One of the biggest sort of “spiritual” concepts is about being able to gracefully surrender and just let go, understanding that God/the Creator/the Universe knows more than you do. It’s not the easiest one to practice for many people, myself included. I like to feel like I have control over things, because having control makes me feel safe. It’s pleasantly ironic, therefore, that the one person in the world whose safety I am 100% responsible for is teaching me a few life lessons about surrendering. I think it would make a good subject for a tongue-in-cheek parenting book: “Toddler as Teacher: Learning Life Lessons from Our Little Ones.”
I was driving almost-two year-old Ivan to the park the other day, listening to classical music to help us mellow out.
Ivan was sitting in his car seat in the back. I usually don’t let him eat in the car, but he was very cranky and having a rough day, and he insisted on bringing his little snack container of crackers with him. Rather than put up a fight, I allowed it. I heard the container go shake-shake-shake-shake-shake and the next thing you know, he pried the lid off and ate a few. And then the next thing you know, he shook that container really hard again, and little cheezy snack crackers and cracker crumbs were all over the back seat and the floor of the car. “Uh-Oh!” he chimed from the back.
Next, I heard the telltale sound of velcro pulling apart. He was taking his shoes off. He threw one to the side, and it landed on top of the snack crackers with a loud thunk. “Shoe!”
Then, I heard a resounding clunk, which I knew from experience meant that he’d chucked his water-filled sippy cup over the other side of the car seat. It would be stuck between the door and his car seat now. I’d have to remember to grab it so it didn’t fall out of the car and roll on the ground and out into the street when I opened the door.
In the scope of a ten minute car ride, Ivan managed to wreak a bit of havoc from the confines of his car seat. We arrived at our destination, and I cleaned up the crackers, rescued the sippy cup, and put his shoes back on him. I tried to be cool, but I was annoyed. Why did he have to make such a mess? Why couldn’t he just sit nicely and look out the window, keep the lid on his crackers, drink nicely from his sippy cup, and keep his shoes on like a civilized person?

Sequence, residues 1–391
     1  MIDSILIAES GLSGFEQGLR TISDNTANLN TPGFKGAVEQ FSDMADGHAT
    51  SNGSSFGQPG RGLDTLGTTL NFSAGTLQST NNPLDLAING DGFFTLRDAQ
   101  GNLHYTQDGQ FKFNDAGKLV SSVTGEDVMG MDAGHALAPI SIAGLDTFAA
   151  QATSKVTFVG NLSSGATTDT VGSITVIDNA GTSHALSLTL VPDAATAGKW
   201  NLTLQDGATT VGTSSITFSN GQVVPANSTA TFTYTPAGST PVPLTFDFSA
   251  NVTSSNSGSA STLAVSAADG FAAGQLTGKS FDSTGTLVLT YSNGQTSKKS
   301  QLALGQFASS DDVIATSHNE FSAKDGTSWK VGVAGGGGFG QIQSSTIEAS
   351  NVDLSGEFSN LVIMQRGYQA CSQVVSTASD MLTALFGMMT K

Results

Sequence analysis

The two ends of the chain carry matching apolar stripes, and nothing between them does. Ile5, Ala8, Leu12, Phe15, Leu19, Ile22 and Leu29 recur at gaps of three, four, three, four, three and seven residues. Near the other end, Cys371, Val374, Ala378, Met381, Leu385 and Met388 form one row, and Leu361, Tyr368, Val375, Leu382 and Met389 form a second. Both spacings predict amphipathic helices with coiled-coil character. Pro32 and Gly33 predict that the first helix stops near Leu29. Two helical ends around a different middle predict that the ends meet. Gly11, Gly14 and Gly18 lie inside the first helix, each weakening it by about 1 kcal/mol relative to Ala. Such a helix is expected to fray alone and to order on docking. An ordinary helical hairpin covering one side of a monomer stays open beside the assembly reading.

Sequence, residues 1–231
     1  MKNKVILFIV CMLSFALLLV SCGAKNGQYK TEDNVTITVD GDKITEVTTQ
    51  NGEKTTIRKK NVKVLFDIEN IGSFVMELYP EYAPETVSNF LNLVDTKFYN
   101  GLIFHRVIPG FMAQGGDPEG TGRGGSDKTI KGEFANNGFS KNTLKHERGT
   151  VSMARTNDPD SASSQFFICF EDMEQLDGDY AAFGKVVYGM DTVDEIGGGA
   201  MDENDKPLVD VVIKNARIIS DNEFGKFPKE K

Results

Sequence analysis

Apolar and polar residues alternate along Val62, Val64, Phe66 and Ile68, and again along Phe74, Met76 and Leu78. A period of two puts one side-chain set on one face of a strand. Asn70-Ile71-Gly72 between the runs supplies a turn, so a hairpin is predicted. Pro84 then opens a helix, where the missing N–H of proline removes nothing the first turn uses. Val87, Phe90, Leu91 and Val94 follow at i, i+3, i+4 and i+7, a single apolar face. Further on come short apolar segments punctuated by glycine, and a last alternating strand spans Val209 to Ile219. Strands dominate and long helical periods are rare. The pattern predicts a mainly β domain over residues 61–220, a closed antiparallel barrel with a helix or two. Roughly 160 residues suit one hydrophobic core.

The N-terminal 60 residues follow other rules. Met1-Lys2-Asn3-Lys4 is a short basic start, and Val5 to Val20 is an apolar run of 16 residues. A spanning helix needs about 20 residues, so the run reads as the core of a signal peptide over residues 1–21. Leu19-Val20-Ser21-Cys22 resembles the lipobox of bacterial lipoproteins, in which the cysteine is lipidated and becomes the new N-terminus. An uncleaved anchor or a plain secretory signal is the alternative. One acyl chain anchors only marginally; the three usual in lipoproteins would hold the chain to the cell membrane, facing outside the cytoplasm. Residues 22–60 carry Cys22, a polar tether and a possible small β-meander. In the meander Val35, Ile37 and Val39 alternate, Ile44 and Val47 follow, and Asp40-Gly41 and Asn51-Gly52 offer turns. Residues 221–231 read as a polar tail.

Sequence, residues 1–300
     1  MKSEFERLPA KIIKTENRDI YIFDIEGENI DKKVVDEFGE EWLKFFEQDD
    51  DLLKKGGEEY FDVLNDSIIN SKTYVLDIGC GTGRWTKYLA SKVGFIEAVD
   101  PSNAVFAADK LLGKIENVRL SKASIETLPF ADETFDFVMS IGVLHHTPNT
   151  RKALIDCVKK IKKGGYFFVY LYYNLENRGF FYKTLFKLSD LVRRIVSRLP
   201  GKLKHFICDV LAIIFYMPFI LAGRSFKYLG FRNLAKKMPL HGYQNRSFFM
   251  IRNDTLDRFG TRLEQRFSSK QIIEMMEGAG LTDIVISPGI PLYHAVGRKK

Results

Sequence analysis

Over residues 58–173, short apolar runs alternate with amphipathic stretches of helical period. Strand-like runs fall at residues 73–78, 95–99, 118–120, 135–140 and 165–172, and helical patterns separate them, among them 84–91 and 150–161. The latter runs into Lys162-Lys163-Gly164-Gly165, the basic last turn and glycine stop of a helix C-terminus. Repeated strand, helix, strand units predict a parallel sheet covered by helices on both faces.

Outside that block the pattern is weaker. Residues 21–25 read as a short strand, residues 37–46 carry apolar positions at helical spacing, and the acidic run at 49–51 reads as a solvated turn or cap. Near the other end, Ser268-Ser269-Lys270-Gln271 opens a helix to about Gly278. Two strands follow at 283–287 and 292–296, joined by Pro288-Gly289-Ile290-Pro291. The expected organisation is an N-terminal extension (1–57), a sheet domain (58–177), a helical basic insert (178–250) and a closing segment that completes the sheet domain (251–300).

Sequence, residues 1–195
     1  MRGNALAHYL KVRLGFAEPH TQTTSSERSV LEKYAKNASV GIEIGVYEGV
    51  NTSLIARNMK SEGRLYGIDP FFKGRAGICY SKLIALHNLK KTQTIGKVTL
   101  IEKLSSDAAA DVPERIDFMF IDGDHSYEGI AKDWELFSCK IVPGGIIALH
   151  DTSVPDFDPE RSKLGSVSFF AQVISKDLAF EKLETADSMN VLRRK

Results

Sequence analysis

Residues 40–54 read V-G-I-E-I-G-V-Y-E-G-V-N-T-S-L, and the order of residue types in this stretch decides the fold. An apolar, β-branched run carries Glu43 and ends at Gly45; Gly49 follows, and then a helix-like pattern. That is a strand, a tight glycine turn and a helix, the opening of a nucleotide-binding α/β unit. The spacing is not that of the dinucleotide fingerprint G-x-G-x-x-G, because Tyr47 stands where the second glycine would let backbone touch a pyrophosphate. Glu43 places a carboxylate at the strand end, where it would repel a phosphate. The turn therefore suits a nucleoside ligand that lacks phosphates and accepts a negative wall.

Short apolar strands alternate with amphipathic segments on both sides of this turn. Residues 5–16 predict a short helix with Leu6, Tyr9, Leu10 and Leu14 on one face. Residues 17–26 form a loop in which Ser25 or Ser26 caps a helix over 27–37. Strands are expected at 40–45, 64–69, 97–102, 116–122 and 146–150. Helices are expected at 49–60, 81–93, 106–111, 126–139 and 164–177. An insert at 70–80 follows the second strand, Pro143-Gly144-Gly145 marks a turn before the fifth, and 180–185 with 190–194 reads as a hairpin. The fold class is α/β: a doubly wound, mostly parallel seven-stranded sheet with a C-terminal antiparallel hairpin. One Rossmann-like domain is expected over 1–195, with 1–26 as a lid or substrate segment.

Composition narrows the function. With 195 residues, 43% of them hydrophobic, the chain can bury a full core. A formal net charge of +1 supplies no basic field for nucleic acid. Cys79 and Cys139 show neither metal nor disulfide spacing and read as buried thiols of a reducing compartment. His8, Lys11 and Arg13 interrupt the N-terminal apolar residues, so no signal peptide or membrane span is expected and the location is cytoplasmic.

And then, as I reached into the back seat to get him out of the car, I smelled that telltale “kid” smell I remember from years of babysitting.
I LOVE that kid smell. It’s a good smell. And I realized that these are the good days.
I’d rather have my little Force of Nature wreaking havoc in the back of my car than not. And I like the idea of learning how to let go, to become maybe a little wiser, a little more patient, and a little more easygoing. That was my moment of surrender, right there. He’s not a civilized person. He’s a toddler. He’s not even two yet, and he’s going to do a lot of things his way. My getting annoyed and angry isn’t going to change him. I can teach him how to behave and be a good person, but I can’t control him – and I wouldn’t want to. He’s his own person.
It’s not always easy to surrender, but once you start to get the hang of it, you realize it’s sometimes nicer than resisting. Just surrendering and going with it can actually be liberating and enlightening. Especially if you’re not used to it!